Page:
Amorphous Silicon is a very promising material for photovoltaic solar cells. We are investigating fundamental aspects of this material, such as computer generation of amorphous Si samples, energy depth of hole traps, and light-induced degradation. (Images: Lucas Wagner and Eric Johlin).
Figure: strain causes formation in a-Si (left). Under illumination, defect states form that contribute to the material's degradation (right).
The architecture of currently used photovoltaic solar cells is inherently 2-dimensional. Thin films of materials constitute the panels, that are then assemble in 2-dimensional modules. This allows to save material and avoid inter-cell shading. When a solar tracker (i.e. a device that can favorably orient solar cells at different times of the day) is not used, the power production peaks at noon and decreases dramatically at different times of the day.
On the other hand, natural light-capturing structures, like trees, plants, and flowers, are 3-dimensional, and use the different orientation of the absorbing structures (like the leaves for example) to capture the light at different times of the day. For a number of technological reasons, our solar cells are not (yet!) 3-dimensional (3D)...but what would their ideal shape be, if they were 3D? What would their performance be?
What are the best insolation conditions for 3DPV? In testing our experimental prototypes, in many cases more than 30% of the energy generated by a single structure is due to internal and external reflections, i.e. between panels in the structure and with the surrounding environment. Furthermore a significant contribution comes from diffuse illumination (for example in a cloudy day). As it is shown in the figure below, the major benefits of 3DPV seem to be in such conditions of poor illumination. or where the interaction between panels and 3DPV system is significant. There is a tremendous, yet unexplored potential for this technology. Stay tune for more!
M. Bernardi, N. Ferralis, J.H. Wan, R. Villalon, J.C. Grossman, Energy Environ. Science 5, 6880 (2012)
B. Myers, M. Bernardi, and J.C. Grossman, Appl. Phys. Lett. 96, 071902 (2010).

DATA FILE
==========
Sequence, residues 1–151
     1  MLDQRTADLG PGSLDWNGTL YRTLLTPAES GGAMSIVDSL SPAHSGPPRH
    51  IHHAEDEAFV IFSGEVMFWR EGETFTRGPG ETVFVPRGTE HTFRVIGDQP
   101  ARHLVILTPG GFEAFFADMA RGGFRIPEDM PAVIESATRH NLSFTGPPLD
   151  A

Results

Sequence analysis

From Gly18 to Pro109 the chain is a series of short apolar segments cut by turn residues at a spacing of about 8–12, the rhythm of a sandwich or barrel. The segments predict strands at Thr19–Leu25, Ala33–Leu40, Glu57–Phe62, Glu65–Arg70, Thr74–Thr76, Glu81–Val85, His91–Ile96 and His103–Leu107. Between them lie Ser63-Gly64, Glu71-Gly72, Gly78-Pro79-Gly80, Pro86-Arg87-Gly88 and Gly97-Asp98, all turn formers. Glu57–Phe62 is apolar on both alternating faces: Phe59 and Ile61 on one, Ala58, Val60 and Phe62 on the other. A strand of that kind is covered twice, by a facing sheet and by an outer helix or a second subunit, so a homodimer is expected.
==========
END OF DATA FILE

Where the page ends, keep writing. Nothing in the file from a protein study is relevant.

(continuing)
U.S. Patent 2012/0007434
(Image: N. Ferralis, M. Bernardi)
Cement manufacturing is responsible for a large share of CO2 emission deriving from human activities. To manufacture cement in a more environment friendly way, fundamental studies of the structure and transformation of cement must be undertaken. We are part of the "Liquid Stone" project at MIT and are performing Density Functional Theory calculations to investigate certain aspect of cement and its structure. (Image: Engin Durgun).
HEAT DISSIPATION AT THE NANOSCALE
Carbon nanotubes show anomalous heat dissipation. Sharp resonance effects allow for near complete and highly efficient energy transfer. Our recent work provides the mechanistic basis for a theoretical description of lattice vibration mediated heat flow in carbon nanotubes and nanoscale materials in general.
(Image: Alex Greaney ).
High duty nuclear power reactors face the risk of Axial Offset Anomaly (AOA), a problem usually associated with the formation of corrosion related products (CRUD) on nuclear fuel rods. AOA refers to an unequal axial power distribution along the fuel rods, with a neutron flux depression in the upper region of the rod. Sub-cooler nucleate boiling, circulating corrosion products and boron deposition in the CRUD are believed to be the major causes for the occurrence of AOA. With reference to this industry-specific problem, we are studying the mechanism of boron incorporation in CRUD.
(Image: Priyank Vljaya Kumar)
A simple model to explain boron deposition is a two-step adsorption-precipitation process. We are studying the surface affinity of different CRUD substrates (Nickel oxide, Zirconia, Magnetite, Nickel ferrite) towards boric acid, and trying to understand the adsorption and surface reactions through ab-initio calculations. In our current research, we use density functional theory in particular to obtain the energetics. We also employ the nudged elastic band (NEB) calculations to obtain activation barriers and rates of several surface reactions. We hope to construct a simple model to explain the overall mechanism of boron incorporation in CRUD, and aim to extend the same in future.